Race War!

White Supremacy and the Japanese Attack on the British Empire

409 pages

November, 2005

ISBN: 9780814736418



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Gerald Horne is Moores Professor of History and African American Studies at the University of Houston, and has published three dozen books including, The Counter-Revolution of 1776:  Slave Resistance and the Origins of the USA and Race War!  White Supremacy and the Japanese Attack on the British Empire.  

All books by Gerald Horne

Japan’s lightning march across Asia during World War II was swift and brutal. Nation after nation fell to Japanese soldiers. How were the Japanese able to justify their occupation of so many Asian nations? And how did they find supporters in countries they subdued and exploited? Race War! delves into submerged and forgotten history to reveal how European racism and colonialism were deftly exploited by the Japanese to create allies among formerly colonized people of color. Through interviews and original archival research on five continents, Gerald Horne shows how race played a key—and hitherto ignored—;role in each phase of the war.

During the conflict, the Japanese turned white racism on its head portraying the war as a defense against white domination in the Pacific. We learn about the reverse racial hierarchy practiced by the Japanese internment camps, in which whites were placed at the bottom of the totem pole, under the supervision of Chinese, Korean, and Indian guards—an embarrassing example of racial payback that was downplayed by the defeated Japanese and the humiliated Europeans and Euro-Americans.

Focusing on the microcosmic example of Hong Kong but ranging from colonial India to New Zealand and the shores of the U.S., Gerald Horne radically retells the story of the war. From racist U.S. propaganda to Black Nationalist open support of Imperial Japan, information about the effect of race on U.S. and British policy is revealed for the first time. This revisionist account of the war draws connections between General Tojo, Malaysian freedom fighters, and Elijah Muhammed of the Nation of Islam and shows how white racism encouraged and enabled Japanese imperialism. In sum, Horne demonstrates that the retreat of white supremacy was not only driven by the impact of the Cold War and the energized militancy of Africans and African-Americans but by the impact of the Pacific War as well, as a chastened U.S. and U.K. moved vigorously after this conflict to remove the conditions that made Japan's success possible.


  • “This fabulous study shows where global history can go. It adventurously moves to practically every continent, producing especially sharp insights into world views of race in the U.S. Horne arrestingly shows how Anglo-U.S.racism enabled Japan to pursue empire while claiming a place as the champion of struggles against white supremacy.”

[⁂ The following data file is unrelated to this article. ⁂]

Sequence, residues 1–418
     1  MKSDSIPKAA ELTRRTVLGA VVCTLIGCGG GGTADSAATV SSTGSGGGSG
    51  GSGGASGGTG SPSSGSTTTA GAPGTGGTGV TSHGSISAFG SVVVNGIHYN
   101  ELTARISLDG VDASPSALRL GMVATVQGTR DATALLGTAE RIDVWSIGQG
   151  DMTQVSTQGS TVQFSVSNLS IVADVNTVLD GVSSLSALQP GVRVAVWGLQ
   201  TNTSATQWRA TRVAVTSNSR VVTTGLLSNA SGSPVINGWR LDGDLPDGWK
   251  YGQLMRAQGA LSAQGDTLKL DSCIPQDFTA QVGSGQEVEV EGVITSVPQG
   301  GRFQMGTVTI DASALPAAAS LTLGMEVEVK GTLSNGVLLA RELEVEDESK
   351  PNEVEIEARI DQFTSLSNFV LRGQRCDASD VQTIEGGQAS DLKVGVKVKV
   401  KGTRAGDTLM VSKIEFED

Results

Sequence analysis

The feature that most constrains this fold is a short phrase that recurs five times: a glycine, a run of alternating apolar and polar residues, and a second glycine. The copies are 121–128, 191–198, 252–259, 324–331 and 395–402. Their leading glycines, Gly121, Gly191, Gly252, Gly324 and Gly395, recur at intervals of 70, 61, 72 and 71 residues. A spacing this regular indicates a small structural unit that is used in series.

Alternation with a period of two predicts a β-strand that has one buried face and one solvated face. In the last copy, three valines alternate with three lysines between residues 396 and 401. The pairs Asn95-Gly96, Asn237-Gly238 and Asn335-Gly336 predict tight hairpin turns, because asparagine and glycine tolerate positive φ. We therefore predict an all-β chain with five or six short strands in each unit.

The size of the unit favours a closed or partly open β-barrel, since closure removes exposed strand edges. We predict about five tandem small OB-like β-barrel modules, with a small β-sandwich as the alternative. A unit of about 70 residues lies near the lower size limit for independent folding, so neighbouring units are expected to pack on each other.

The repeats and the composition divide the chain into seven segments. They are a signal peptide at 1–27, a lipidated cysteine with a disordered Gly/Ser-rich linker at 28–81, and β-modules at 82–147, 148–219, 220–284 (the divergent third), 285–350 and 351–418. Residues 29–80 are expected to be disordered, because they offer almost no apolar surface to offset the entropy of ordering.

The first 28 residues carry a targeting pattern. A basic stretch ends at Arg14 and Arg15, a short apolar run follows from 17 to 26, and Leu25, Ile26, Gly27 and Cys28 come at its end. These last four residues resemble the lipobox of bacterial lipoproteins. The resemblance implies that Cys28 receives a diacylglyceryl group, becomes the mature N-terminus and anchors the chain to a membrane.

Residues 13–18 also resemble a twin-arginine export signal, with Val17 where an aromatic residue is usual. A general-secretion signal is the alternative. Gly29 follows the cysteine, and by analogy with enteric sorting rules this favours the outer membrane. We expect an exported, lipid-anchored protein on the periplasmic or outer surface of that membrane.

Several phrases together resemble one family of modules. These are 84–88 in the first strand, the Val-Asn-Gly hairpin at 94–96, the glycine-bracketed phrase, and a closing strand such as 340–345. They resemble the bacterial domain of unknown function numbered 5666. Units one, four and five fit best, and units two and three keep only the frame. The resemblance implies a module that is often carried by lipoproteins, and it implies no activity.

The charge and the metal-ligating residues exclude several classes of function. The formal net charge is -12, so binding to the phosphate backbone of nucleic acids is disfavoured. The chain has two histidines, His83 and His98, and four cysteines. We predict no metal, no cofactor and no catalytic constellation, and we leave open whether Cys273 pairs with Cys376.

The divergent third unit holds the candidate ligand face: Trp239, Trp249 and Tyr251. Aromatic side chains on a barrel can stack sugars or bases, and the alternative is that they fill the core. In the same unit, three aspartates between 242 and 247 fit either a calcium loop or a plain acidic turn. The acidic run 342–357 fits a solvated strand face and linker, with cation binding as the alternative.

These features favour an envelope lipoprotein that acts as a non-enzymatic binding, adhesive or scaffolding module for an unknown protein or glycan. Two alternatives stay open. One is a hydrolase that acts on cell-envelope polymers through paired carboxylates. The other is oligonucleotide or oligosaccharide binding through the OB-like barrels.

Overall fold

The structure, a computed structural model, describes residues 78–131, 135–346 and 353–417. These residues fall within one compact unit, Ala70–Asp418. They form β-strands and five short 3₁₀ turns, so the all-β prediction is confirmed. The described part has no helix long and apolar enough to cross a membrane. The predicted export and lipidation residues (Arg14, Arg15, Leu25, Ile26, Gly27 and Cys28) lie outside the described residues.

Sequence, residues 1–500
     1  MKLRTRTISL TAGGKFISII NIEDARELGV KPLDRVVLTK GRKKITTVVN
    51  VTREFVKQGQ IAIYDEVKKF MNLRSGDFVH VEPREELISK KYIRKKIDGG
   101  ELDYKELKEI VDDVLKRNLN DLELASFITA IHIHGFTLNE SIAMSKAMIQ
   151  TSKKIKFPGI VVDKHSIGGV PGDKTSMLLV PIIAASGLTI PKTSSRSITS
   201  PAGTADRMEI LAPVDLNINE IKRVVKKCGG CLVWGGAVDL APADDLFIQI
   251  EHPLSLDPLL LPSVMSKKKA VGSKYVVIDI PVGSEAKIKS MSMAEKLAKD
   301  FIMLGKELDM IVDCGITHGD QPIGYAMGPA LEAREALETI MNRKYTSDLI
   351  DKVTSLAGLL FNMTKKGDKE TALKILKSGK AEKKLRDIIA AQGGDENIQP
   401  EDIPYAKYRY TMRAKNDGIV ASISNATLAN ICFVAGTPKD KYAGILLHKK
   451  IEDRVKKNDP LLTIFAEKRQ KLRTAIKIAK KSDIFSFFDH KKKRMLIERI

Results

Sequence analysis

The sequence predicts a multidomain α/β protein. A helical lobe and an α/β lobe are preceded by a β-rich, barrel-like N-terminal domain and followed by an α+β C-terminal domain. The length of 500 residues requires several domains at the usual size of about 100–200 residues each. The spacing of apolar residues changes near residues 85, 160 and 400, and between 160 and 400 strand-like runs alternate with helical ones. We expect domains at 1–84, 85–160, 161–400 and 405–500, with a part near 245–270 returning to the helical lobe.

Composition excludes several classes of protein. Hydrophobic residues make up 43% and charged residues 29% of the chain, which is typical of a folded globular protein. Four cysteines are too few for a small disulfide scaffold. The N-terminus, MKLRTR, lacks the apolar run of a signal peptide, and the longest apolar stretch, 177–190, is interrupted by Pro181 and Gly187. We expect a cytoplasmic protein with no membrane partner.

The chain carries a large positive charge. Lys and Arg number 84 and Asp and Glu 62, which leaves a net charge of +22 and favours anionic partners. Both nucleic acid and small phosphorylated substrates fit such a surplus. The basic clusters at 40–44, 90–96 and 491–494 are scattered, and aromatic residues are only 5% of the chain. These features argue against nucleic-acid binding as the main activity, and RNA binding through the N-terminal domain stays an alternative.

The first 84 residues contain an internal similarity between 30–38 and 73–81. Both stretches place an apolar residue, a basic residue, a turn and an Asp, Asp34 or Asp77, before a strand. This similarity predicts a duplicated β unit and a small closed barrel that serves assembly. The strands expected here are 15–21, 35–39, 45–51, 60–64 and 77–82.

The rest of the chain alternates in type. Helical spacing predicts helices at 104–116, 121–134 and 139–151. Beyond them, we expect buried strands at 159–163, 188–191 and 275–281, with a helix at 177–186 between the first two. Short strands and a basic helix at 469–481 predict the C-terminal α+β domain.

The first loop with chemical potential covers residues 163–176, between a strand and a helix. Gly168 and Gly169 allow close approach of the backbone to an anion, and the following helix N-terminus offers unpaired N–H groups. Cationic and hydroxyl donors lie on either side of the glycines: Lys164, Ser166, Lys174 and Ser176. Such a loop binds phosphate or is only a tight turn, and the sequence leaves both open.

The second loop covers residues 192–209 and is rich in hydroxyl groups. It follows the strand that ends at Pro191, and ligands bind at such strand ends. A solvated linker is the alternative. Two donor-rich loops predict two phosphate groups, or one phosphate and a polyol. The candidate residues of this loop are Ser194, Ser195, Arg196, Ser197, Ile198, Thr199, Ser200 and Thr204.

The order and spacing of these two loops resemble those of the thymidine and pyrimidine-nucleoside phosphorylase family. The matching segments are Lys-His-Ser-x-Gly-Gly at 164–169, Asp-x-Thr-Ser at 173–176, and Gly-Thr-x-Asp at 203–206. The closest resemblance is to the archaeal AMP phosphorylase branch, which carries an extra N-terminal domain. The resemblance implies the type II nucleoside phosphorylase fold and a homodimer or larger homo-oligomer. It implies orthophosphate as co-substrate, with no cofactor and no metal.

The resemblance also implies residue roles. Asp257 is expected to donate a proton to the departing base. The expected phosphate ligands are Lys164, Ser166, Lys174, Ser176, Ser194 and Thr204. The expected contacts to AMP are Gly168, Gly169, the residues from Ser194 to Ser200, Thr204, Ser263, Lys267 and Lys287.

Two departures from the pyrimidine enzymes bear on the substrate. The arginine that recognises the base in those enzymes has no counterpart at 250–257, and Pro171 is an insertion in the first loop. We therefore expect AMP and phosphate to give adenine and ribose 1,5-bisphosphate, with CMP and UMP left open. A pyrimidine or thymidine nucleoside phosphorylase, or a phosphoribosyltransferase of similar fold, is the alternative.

—David Roediger, University of Illinois, author of Colored White: Transcending the Racial Past

  • “Through multi-archival research that spans five continents, Gerald Horne demonstrates how and why the Pacific War should be understood as a Race War, not as an exculpation of Japan's Pan Asianism, but because of the poisonous triumph of the 'color line.' Horne powerfully argues that we should not forget that white supremacy retains salience in spite of, or because of, the Anglo-American victory in the Pacific War half a century ago.”

    —Yukiko Koshiro, Colgate University

  • “Gerald Horne is one of the most gifted and insightful historians on racial matters of his generation. In Race War! Horne presents a provocative yet convincing argument that unearths the racial dimensions of U.S. policies pursued in the Far East during the Second World War. Horne's thesis provides a strikingly new and powerful interpretation of the international politics of race in the twentieth century.”

    —Manning Marable, Center for Contemporary Black History, Columbia University

  • “An expansive and unflinching survey of race and empire, Race War! shows the complexities of white supremacy and resistances to it.”

    —Gary Y. Okihiro, Columbia University and author of Common Ground: Reimagining American History

  • “Besides writing an important history, Horne adds to our understanding of the evolution of white supremacy.”

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